CH: If I could make a career out of doing plays and short films, I would! I love short films. Everyone is in it for the art and nothing else. There’s no network, no executives, it’s amazing. And often they’re being made by emerging filmmakers and that’s exciting—to be working with the new generation of artists.  Some of my most satisfying on-camera experiences have been working on shorts. (I also met my husband working on a short that he wrote, so….!)

KHK: You’ve also worked on several independent projects with Jeremy LaLonde, both short and feature length. What’s the draw of these projects? Do you think independent films give you the chance to be more creative and organic than studio-driven projects?

CH: I think you’re exactly right. There’s less external pressure and I feel like the actors are a more integral part of the process. With bigger projects I can feel like a very tiny cog in a very big machine. Working with Jeremy, for example, is great because there’s so much room for dialogue and collaboration with him.

KHK: You’re in the middle of the run of Belleville. Tell us a little about how it’s going. How does it feel at this point in the run? Any good stories about the play’s run you can share with us? A live audience is always a different energy than being on film or TV. Are there times lines are forgotten? How do you recover a scene when that happens?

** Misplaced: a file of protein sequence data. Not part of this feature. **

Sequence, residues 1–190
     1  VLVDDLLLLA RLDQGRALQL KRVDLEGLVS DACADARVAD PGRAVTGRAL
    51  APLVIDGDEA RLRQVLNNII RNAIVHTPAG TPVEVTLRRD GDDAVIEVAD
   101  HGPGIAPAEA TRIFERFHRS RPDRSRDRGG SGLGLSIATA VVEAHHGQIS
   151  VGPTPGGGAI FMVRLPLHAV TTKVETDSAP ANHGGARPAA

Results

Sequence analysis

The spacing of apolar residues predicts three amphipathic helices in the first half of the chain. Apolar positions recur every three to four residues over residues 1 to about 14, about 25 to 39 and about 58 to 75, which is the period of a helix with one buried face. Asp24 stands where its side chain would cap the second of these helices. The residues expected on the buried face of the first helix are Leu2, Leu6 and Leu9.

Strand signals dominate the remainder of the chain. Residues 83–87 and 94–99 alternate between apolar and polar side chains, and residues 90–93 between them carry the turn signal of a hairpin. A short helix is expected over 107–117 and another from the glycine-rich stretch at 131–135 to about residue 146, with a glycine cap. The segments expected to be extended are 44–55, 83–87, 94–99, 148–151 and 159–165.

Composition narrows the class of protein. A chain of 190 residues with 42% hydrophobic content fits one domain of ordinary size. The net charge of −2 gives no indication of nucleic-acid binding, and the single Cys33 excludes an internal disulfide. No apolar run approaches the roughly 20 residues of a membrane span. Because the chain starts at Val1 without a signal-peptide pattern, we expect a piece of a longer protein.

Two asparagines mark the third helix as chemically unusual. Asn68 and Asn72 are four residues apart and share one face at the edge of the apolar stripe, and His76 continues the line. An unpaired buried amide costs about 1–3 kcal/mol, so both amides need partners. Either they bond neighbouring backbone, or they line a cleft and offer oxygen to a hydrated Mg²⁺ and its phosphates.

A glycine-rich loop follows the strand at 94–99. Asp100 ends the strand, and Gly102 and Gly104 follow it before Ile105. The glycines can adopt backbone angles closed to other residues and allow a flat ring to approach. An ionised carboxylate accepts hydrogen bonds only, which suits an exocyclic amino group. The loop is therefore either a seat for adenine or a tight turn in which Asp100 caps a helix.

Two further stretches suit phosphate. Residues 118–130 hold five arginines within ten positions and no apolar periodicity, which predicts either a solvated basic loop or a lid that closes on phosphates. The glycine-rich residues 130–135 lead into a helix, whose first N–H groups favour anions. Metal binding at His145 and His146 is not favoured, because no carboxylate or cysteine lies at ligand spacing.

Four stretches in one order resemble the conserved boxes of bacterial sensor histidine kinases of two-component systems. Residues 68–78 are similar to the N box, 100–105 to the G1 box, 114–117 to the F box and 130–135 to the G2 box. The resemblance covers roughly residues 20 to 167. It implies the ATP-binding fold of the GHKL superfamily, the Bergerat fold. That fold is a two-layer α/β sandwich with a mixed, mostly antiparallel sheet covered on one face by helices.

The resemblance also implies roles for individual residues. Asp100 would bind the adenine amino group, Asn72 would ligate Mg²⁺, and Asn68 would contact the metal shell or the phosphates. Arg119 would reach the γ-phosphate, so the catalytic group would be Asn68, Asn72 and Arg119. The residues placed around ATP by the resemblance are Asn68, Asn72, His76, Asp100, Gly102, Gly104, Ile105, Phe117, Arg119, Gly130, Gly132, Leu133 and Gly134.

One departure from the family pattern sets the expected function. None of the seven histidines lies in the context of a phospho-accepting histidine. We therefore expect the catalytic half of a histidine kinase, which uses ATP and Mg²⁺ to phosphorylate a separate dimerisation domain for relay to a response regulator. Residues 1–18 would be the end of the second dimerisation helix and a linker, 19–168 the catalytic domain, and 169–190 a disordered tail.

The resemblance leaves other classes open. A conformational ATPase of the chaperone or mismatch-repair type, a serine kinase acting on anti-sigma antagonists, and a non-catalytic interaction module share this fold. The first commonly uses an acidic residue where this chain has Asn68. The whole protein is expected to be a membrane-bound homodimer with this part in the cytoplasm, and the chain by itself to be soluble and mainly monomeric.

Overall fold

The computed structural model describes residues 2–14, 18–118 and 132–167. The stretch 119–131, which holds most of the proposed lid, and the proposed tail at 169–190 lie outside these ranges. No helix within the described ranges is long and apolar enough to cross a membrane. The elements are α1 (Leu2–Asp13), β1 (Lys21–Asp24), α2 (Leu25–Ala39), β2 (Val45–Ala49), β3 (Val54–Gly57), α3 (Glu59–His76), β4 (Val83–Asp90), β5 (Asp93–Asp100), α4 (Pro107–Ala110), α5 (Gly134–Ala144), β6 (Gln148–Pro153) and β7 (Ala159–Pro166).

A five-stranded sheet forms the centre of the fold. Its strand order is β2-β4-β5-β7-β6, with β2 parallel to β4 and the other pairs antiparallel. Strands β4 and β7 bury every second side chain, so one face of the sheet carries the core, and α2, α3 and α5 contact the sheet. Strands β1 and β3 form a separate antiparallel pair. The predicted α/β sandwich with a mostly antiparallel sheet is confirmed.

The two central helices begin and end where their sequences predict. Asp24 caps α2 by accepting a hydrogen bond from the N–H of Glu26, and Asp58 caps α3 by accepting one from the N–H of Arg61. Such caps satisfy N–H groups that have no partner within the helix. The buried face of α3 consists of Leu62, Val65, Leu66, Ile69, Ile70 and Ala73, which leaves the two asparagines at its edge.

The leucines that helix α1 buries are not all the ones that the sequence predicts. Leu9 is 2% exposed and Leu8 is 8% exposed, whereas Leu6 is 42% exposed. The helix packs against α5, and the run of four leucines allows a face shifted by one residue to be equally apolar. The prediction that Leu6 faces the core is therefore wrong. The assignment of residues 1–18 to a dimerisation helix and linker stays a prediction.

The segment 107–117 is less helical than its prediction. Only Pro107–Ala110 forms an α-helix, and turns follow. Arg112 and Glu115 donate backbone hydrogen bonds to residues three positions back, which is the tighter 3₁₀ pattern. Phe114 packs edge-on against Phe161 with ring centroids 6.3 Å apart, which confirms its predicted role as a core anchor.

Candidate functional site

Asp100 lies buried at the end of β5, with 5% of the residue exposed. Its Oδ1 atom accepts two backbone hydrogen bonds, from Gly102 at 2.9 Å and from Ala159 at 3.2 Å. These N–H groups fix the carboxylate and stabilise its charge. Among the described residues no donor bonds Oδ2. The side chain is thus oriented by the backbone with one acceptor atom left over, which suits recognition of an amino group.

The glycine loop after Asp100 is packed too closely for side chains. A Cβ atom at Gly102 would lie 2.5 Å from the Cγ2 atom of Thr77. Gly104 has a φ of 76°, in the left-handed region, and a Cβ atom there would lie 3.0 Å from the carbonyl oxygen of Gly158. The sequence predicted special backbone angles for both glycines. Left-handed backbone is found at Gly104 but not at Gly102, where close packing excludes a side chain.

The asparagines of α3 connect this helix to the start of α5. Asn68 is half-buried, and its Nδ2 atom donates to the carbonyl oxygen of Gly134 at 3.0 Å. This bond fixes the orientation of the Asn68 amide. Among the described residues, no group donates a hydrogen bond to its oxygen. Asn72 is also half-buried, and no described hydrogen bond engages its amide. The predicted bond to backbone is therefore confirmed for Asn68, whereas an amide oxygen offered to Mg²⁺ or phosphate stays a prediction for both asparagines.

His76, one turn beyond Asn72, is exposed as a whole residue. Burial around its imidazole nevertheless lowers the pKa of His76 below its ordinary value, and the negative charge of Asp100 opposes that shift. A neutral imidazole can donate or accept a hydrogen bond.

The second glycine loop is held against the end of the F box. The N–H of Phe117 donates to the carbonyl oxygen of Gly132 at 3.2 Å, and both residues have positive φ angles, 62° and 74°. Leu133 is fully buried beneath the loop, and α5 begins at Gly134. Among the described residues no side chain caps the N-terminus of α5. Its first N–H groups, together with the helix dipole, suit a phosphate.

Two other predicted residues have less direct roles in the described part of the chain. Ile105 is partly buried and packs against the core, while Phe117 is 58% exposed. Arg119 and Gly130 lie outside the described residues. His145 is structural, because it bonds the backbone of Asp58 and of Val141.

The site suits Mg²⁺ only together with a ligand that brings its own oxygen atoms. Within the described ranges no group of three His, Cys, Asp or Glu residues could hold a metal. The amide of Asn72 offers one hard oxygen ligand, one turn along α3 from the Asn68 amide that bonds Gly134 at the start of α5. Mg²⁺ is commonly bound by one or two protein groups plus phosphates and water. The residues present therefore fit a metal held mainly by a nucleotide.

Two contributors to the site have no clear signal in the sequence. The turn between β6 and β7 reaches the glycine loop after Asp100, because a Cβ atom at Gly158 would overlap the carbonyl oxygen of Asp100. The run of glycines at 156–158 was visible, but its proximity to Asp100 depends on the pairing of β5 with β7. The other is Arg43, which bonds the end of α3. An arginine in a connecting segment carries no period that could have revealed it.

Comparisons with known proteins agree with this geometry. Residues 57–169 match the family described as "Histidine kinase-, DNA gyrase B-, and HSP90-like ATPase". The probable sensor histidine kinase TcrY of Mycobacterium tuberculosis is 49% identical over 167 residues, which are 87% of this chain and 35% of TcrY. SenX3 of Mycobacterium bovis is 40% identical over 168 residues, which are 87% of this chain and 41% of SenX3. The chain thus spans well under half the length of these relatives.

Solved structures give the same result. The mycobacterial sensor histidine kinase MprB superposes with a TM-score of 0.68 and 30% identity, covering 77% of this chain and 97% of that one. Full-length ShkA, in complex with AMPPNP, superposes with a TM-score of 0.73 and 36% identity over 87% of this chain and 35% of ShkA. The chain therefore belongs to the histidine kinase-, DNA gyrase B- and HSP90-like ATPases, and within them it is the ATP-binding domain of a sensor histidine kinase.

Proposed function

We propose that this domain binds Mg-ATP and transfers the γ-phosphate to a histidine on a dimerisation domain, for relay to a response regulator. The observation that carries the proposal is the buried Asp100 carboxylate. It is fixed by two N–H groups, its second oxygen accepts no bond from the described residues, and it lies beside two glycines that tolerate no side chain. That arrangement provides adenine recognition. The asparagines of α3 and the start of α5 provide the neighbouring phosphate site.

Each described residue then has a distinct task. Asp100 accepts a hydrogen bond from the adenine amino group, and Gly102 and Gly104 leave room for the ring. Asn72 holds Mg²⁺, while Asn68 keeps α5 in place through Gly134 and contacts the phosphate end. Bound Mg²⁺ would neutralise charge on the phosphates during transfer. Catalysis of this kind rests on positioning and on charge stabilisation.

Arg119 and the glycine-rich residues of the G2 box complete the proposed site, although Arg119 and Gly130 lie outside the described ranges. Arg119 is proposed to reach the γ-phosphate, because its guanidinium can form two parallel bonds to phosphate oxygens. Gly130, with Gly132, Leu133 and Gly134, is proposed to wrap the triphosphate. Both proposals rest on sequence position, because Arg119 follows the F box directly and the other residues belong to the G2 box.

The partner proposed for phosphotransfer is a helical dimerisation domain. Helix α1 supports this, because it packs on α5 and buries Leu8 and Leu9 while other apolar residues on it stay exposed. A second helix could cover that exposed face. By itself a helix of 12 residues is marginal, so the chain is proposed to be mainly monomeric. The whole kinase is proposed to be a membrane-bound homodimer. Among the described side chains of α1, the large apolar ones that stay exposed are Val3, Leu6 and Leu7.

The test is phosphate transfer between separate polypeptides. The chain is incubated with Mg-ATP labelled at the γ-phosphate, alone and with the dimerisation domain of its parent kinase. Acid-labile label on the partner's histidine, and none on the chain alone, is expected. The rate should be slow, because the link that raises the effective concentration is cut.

CH: I’m having such an incredible time on this show. The way our director, Jason Byrne, worked with us is that we try everything in rehearsal—good choices, bad choices, clichéd choices, non-literal choices— everything. And that sense of “anything goes” remains through the run. The play isn’t staged—we can move where we want when we want and it’s different from night to night. The lines are always the same, of course, but what we do with them varies. Ordinarily, you discover moments in rehearsal and spend the run trying to hit those same notes. With Belleville, that pressure is gone. It keeps it very much alive from night to night and really, really fun. We are working with an extraordinary script by Amy Herzog and I trust the other actors completely. So even though there’s less structure than usual, we’re very safe.  With any play, lines do get flubbed from time to time, but nothing catastrophic has happened yet.  And again, because of the nature of the way we work, there’s really no “right” way something has to happen—so nothing can really go wrong.  I can’t believe we’ve only got [less than] a week left. I’ll be so devastated when it’s done.